Good at least a quarter part larger than The duty on foreign books in 1848 it is for the same price. We should be amounted to £7,647 13s. 4d. A person enabled to give a sheet of double-demy, while visiting the continent might pick instead of a sheet of double-crown. This. up several favourite books, but he could we contend, is a serious consideration, and not bring them to England without pay- especially wlien we remember that class ing the usual amount of duty. A lady of our countrymen whose means are so who was a visitor at the Brussel's Peace limited that the small sum of two-pence Congress, and who went and returned with is a thing of importance. But the evil is the English and American Deputation, not in the mere tax itself. It acts inbought, while she was in Belgium, a copy juriously indirectly as well. The Liver. of Lamartine's poetry. In passing through pool Times says :the Custom House in London the book! “A paper-maker requires to have a large was detected, and taken from her just as capital locked up in paying duties, inde. if it were a bottle of Eau de Cologne, or a pendent of that sunk in his mills, machis bundle of silk handkerchiefs. Was not nery, and materials, and for this he must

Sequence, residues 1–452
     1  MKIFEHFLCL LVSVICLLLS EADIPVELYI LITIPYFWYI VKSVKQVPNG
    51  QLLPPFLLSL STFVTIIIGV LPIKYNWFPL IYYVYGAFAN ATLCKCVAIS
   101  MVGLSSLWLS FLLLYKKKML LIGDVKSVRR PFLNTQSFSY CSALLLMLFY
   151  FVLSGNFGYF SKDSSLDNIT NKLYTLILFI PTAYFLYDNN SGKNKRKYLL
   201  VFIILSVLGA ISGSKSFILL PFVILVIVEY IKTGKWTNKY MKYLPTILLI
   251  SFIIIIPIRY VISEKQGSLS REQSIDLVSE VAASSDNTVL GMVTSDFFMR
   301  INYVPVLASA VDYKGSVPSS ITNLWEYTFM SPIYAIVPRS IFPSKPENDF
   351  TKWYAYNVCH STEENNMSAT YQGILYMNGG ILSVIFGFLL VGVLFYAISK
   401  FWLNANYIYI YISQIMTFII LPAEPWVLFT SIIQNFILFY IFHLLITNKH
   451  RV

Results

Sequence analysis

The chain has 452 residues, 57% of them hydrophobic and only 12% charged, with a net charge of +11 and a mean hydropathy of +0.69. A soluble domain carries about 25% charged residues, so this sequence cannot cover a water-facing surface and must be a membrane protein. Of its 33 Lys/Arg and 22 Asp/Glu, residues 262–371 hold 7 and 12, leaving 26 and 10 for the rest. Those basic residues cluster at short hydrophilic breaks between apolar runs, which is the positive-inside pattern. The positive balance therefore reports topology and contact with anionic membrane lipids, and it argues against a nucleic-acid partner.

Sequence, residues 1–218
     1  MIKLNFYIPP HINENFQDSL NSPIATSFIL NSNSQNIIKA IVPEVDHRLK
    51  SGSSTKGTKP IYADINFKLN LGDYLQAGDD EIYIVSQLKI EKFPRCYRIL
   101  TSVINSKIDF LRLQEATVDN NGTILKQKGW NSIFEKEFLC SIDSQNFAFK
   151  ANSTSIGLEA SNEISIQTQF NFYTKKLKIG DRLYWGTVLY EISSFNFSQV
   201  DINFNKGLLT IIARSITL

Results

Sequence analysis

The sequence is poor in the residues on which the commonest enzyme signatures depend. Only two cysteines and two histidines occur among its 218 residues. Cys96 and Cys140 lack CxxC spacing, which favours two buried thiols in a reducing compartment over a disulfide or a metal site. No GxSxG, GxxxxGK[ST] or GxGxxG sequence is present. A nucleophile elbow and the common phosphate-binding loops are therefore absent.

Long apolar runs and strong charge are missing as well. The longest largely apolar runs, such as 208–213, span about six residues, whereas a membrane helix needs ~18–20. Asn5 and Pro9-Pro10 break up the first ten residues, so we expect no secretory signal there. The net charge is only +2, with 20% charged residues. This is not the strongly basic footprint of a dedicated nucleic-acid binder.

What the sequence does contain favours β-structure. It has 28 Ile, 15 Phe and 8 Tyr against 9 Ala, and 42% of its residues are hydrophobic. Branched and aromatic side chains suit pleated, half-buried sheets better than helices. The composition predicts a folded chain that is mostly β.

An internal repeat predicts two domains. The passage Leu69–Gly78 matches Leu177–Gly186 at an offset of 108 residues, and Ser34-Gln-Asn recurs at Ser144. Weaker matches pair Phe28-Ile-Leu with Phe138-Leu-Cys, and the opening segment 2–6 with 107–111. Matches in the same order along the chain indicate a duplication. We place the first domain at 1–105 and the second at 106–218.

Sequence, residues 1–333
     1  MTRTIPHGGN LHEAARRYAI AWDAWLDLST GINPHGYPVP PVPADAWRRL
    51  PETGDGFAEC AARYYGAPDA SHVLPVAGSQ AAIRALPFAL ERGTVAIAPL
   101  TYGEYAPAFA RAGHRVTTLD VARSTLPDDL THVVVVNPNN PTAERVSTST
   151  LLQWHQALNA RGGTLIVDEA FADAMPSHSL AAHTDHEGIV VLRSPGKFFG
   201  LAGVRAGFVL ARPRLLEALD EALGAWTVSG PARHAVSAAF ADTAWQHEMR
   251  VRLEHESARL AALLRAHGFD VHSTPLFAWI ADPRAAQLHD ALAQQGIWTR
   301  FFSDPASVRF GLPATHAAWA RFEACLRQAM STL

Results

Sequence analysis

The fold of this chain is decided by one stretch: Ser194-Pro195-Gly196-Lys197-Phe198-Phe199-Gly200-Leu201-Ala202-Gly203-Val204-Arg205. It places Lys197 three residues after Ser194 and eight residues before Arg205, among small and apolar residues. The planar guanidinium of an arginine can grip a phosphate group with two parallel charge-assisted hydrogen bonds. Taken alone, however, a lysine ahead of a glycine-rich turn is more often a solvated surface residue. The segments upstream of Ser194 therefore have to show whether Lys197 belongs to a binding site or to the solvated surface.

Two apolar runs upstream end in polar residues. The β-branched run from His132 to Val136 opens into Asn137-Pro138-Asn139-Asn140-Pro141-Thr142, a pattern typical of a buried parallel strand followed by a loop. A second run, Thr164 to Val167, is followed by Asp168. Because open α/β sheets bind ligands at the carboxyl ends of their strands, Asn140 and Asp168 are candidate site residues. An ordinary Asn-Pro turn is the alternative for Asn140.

have a fair return; and in addition to this the English Custom House, in this in

he is subject to a great amount of annoy. stance, a veritable intellectual toll-bar?

ance and inconvenience in carrying on his And we ask is it worthy of England, who

business, all of which ultimately falls on the professes to be the patron of learning and

consumers of paper. The 1 d. per lb, is the friend of civilization, to permit the